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The 2006 Indianapolis 500

Open Wheel Racing Topics:  Indianapolis 500
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The 2006 Indianapolis 500

Bill Crittenden
The Parts Tree
June 2, 2006

The 2006 Indianapolis 500 appeared in the June 2006 issue of The Parts Tree

I'm not really an IRL fan.  I like the bumper-to-bumper action of NASCAR or watching sports cars twisting through road courses.

I've slept through Indy 500's before.  But I watch, because every once in a while something spectacular or historic happens.

Lately, the historic event that people tune in for is Danica Patrick making history by winning.  That didn't happen this year.  Aside from the long Danica Patrick Show during the pre-race, fans got to see that the Indy 500 had plenty of personality from the men this time, too.  Al Unser, Jr. made an emotional comeback after hitting bottom six years ago.  Michael Andretti retured to the 500 after a two-year absence.  Marco Andretti, the next in the legendary family of racers, about to make his Indy debut.

The race started clean, all the cars getting through turn one and finished the first lap safely.  It wouldn't last long, as a car soon lost control in turn two, collecting another one on his way into the wall.  A comment was made that the national anthem lasted longer than their race.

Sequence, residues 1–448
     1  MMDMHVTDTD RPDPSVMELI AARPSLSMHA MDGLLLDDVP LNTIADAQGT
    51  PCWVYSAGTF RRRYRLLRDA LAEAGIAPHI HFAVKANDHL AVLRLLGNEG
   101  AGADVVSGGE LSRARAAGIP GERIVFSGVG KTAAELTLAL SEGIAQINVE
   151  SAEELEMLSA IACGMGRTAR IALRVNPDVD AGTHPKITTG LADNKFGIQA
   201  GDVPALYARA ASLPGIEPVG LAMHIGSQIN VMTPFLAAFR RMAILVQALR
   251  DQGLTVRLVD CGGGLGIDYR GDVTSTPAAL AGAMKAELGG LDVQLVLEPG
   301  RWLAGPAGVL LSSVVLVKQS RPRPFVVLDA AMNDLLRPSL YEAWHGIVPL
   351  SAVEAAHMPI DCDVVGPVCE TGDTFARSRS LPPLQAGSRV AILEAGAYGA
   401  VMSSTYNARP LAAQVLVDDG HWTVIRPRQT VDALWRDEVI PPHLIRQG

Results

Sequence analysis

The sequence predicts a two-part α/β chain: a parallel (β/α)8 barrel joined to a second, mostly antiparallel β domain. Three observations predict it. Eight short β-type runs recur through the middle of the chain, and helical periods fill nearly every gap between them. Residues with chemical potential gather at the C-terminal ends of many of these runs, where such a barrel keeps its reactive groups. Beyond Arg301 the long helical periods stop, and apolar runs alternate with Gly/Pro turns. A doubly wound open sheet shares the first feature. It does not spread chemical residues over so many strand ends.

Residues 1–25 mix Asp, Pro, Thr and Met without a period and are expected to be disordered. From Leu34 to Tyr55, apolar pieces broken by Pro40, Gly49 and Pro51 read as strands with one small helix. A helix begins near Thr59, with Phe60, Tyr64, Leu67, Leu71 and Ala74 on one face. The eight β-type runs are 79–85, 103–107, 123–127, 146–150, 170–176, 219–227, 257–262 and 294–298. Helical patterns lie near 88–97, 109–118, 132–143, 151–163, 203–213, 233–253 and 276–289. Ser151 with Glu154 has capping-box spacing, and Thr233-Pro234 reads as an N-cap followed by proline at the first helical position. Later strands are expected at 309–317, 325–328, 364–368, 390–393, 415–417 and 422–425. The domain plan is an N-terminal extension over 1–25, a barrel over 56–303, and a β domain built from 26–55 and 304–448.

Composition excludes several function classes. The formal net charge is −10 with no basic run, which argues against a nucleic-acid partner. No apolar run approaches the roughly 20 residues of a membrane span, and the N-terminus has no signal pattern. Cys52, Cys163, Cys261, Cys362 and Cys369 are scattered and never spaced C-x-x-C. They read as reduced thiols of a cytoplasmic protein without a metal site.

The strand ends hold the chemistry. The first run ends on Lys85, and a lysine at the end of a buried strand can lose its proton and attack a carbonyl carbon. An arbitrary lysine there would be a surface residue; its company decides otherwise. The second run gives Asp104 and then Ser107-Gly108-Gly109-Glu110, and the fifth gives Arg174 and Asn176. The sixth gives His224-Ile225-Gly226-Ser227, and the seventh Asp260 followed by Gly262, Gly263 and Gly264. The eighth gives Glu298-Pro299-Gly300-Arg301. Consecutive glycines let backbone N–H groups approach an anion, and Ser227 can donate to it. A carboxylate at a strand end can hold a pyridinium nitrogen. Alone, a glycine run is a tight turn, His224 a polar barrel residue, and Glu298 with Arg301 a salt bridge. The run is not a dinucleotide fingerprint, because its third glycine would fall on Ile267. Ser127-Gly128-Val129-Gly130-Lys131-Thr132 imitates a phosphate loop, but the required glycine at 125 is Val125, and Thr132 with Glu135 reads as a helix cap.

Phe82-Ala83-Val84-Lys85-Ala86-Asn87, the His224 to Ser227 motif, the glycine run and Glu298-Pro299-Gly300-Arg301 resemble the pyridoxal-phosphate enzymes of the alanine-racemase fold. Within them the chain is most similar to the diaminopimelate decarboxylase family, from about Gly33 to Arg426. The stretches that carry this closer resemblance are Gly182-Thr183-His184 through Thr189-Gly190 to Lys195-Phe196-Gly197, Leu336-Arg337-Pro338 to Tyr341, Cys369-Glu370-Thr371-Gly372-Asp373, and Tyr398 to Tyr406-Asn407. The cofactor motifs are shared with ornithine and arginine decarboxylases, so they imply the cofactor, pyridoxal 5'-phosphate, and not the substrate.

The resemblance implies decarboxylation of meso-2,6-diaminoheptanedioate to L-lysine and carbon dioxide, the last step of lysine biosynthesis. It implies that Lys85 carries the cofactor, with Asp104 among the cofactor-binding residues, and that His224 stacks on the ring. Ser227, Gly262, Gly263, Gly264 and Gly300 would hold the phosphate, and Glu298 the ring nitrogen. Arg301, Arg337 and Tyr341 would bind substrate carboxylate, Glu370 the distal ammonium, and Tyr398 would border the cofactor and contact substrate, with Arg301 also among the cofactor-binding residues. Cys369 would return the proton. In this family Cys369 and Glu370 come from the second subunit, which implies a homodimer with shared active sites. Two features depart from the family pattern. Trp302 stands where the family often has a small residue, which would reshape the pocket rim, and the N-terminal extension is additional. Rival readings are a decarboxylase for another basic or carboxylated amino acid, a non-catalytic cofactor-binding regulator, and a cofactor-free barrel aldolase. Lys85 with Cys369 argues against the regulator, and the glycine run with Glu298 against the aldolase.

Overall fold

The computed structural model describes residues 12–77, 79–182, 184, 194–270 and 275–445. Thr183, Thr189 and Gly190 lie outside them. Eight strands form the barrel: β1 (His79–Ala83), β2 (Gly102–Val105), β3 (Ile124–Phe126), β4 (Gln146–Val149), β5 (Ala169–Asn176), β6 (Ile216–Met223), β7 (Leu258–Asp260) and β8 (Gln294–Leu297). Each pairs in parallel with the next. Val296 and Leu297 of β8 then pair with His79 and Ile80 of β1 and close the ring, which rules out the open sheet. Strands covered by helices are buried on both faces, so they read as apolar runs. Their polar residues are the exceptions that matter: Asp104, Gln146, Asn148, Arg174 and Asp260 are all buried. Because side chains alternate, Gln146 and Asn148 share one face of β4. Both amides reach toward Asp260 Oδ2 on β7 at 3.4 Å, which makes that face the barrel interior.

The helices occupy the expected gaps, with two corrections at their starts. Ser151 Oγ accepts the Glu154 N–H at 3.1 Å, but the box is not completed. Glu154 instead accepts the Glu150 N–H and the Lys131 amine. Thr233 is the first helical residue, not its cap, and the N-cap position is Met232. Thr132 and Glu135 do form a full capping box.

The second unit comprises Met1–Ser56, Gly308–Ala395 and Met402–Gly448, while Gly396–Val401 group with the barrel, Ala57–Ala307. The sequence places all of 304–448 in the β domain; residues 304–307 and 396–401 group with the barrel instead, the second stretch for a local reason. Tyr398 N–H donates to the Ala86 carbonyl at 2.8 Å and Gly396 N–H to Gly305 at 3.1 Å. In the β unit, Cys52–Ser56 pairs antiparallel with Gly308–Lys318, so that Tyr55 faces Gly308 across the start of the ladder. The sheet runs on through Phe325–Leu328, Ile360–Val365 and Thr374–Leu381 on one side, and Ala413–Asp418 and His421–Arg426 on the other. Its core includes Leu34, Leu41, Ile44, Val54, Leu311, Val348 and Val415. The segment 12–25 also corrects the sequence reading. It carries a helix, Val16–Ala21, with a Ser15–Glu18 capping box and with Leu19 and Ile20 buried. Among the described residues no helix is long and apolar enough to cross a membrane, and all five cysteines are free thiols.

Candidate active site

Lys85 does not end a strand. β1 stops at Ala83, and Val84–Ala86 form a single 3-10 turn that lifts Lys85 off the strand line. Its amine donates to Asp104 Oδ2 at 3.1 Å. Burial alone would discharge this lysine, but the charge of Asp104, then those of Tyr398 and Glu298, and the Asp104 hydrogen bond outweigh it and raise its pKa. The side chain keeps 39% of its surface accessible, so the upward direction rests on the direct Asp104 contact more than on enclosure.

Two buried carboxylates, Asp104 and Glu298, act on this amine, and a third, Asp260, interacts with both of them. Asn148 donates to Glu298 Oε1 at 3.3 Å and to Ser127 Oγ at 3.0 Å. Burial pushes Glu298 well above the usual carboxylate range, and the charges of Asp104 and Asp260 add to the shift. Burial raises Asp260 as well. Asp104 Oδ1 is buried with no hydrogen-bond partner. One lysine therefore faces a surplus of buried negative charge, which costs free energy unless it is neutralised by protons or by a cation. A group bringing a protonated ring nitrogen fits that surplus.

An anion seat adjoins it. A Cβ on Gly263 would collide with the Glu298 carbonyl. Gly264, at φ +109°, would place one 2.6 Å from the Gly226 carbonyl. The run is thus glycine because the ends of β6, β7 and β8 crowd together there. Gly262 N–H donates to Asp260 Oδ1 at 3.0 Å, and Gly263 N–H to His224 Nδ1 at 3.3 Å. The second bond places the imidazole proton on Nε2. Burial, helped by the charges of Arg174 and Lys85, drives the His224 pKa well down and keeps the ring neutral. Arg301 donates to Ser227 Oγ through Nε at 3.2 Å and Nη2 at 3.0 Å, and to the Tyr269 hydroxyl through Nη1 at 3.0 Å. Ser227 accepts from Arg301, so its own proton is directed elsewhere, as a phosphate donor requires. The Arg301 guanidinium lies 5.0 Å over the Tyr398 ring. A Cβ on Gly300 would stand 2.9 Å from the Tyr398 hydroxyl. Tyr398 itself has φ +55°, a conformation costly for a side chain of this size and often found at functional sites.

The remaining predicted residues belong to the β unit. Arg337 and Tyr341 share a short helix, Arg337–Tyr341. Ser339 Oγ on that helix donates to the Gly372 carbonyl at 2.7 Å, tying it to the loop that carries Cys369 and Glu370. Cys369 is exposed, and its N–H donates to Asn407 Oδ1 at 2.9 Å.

After running well, but not near the top, Al Unser, Jr. would end his day in an incident with the wall.  Contenders Buddy Rice and Helio Castroneves also went into the wall, increasing everyone else's chances at the end.

There was a late race caution during a cycle of fuel-only pit stops with just a handful of laps to go.  When the field was sorted, Michael Andretti was in the lead and just a few laps from his first Indianapolis 500 victory.

Michael Andretti quickly lost the lead, but it was to another Andretti, Marco, who took the white flag.  With just a few hundred yards between 19-year old Marco Andretti and the checkered flag, Sam Hornish Jr. pulled alongside and past to take the win.

It was Sam Hornish, Jr.'s first Indy win, but car owner Roger Penske's 14th.  Marco Andretti finished second in one of the closest finishes in the 90 editions of the race.  Michael Andretti finished third.

No, the 90th Indianapolis 500 wasn't historic, but it sure was spectacular.

©2006 Bill Crittenden

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